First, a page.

Clinical Science

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Research article

Influence of age, the autonomic nervous system and anxiety on QT-interval variability

Gianfranco PICCIRILLO, Mauro CACCIAFESTA, Marco LIONETTI, Marialuce NOCCO, Vincenza DI GIUSEPPE, Antonio MOISÈ, Camilla NASO, Vincenzo MARIGLIANO


As QT variability increases and heart rate variability diminishes, the QT variability index (QTVI)-a non-invasive measure of beat-to-beat fluctuations in QT interval on a single ECG lead-shows a trend towards positive values. Increased QT variability is a risk factor for sudden death. Aging lengthens the QT interval and reduces RR-interval variability. In the present study we investigated the influence of aging and the autonomic nervous system on QT-interval variability in healthy subjects. We studied 143healthy subjects, and divided them into two age ranges (younger and older than 65 years). For each subject we measured two QTVIs: from the q wave to the end of the T wave (QTeVI) and to the apex of the T wave (QTaVI). Both indexes were calculated at baseline and after sympathetic stress. In 10 non-elderly subjects, both QTVIs were determined after β-adrenoreceptor blockade induced by intravenous infusion of propranolol or sotalol. The QTVI was higher in elderly than in younger subjects (P < 0.001). QTVIs obtained during sympathetic stress remained unchanged in the elderly, but became more negative in the younger group (P < 0.05). QTeVI and QTaVI at baseline were correlated positively with age (P < 0.01) and anxiety scores (P < 0.05), but inversely with the low-frequency spectral power of RR-interval variability (P < 0.001). QTVIs were higher in subjects with higher anxiety scores. In younger subjects, sotalol infusion increased both QTVIs significantly, whereas propranolol infusion did not. In conclusion, aging increases QT-interval variability. Whether this change is associated with an increased risk of sudden death remains unclear. The association of abnormal QT-interval variability with anxiety and with reduced low-frequency spectral power of heart rate variability merits specific investigation. In healthy non-elderly subjects, acute sympathetic stress (tilt) decreases the QTVI. β-Adrenoreceptor blockade inhibits this negative trend, thus showing its sympathetic origin. Because a negative trend in QTVI induced by sympathetic stress increases only in younger subjects, it could represent a protective mechanism that is lost with aging.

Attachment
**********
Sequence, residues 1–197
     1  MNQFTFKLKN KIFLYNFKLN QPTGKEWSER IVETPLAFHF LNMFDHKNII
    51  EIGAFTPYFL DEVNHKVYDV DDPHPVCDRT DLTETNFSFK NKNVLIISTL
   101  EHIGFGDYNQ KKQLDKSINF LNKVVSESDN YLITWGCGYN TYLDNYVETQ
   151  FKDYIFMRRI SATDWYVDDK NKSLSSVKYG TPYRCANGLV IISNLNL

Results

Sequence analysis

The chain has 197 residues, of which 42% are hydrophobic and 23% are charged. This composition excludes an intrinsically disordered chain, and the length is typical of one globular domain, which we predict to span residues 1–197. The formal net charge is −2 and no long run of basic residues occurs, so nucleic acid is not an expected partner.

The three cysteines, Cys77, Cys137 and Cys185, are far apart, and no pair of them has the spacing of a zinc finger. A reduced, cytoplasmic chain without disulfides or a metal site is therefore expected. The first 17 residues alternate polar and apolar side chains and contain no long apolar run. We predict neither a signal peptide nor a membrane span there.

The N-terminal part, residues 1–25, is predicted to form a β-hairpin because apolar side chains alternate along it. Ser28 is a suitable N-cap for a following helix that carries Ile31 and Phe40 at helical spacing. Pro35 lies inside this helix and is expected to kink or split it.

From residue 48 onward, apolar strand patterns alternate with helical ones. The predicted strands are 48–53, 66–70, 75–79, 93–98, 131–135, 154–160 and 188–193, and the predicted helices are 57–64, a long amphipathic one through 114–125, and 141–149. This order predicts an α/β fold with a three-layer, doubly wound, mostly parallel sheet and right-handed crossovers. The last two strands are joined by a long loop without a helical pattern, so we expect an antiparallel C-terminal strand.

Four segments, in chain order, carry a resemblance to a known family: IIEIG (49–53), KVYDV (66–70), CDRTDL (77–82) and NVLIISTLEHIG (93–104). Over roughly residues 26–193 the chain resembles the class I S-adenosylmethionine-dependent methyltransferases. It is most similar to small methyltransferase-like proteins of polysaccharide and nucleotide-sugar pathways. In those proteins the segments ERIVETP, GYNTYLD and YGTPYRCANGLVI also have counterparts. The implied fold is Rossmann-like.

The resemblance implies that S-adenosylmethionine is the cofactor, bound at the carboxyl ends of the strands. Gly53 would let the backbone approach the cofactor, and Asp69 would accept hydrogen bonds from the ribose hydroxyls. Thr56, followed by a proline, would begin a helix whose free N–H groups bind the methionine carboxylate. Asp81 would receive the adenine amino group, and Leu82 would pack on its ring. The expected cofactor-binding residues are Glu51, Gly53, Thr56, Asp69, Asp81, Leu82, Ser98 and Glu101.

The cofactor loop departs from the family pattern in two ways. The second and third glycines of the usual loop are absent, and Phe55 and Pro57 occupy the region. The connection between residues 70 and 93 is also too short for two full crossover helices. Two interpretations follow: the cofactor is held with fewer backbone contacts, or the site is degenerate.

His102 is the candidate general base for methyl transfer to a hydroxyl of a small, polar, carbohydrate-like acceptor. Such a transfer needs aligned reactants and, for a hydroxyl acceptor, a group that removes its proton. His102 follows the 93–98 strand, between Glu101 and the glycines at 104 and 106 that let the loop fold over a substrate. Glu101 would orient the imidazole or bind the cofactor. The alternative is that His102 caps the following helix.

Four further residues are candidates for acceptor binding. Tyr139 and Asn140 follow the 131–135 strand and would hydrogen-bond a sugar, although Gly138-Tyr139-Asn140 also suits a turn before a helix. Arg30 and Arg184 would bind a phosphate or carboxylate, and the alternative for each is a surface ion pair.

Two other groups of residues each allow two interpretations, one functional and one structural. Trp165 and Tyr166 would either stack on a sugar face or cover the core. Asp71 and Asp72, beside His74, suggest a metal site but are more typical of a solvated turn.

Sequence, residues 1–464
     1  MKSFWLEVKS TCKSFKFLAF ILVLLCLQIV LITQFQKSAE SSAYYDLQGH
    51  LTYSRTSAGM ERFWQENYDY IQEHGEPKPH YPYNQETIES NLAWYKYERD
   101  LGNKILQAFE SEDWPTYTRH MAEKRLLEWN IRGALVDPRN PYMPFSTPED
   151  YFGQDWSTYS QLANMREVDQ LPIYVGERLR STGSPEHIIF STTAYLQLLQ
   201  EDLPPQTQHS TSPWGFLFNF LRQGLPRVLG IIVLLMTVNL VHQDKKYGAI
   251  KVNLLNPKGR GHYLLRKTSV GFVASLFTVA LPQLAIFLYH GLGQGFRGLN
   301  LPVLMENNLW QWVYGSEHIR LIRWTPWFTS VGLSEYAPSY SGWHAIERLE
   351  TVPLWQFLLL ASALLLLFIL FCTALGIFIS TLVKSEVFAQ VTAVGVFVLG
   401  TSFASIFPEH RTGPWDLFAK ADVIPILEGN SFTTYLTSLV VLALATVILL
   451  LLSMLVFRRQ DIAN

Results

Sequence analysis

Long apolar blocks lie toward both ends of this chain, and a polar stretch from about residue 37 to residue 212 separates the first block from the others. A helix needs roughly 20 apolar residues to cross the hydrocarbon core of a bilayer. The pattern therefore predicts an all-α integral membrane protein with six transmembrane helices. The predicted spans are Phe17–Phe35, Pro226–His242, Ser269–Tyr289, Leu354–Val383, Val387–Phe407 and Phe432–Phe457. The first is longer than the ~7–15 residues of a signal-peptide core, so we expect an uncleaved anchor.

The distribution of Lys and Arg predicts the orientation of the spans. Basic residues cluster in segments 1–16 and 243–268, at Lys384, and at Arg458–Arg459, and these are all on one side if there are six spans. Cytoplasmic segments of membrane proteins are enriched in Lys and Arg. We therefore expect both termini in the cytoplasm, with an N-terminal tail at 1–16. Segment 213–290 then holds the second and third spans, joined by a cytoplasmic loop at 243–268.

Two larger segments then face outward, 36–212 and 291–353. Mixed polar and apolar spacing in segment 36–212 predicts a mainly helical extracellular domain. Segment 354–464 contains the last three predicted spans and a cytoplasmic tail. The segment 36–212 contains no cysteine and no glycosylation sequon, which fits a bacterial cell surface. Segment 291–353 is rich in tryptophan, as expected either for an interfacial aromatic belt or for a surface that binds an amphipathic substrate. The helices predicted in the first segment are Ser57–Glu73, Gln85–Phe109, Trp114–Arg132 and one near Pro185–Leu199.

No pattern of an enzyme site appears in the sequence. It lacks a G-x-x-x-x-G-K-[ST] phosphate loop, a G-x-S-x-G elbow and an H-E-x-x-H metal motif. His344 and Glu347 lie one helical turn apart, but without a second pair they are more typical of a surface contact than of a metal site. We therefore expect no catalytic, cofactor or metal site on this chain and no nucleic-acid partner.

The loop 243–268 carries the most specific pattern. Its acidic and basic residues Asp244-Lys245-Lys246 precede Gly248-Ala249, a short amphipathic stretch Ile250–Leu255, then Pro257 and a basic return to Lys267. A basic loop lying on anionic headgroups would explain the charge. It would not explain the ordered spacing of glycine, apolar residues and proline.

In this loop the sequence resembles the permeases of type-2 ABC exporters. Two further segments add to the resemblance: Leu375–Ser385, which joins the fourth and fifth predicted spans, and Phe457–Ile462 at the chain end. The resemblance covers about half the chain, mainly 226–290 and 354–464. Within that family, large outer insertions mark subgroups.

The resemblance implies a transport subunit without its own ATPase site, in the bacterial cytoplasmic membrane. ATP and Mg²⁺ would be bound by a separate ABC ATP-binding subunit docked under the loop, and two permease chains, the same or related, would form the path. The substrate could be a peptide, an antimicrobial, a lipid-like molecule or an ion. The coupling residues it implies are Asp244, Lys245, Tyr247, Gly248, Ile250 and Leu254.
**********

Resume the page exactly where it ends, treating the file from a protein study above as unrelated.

• aging
  • anxiety
  • autonomic nervous system
  • spectrum analysis
  • QT